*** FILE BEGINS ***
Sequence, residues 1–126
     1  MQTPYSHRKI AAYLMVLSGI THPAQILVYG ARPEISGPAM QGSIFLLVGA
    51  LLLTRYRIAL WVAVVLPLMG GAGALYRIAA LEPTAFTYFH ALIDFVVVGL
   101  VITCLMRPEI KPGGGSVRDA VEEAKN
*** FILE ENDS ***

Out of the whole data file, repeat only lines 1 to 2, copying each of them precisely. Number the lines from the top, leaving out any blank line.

Sequence, residues 1–126
     1  MQTPYSHRKI AAYLMVLSGI THPAQILVYG ARPEISGPAM QGSIFLLVGA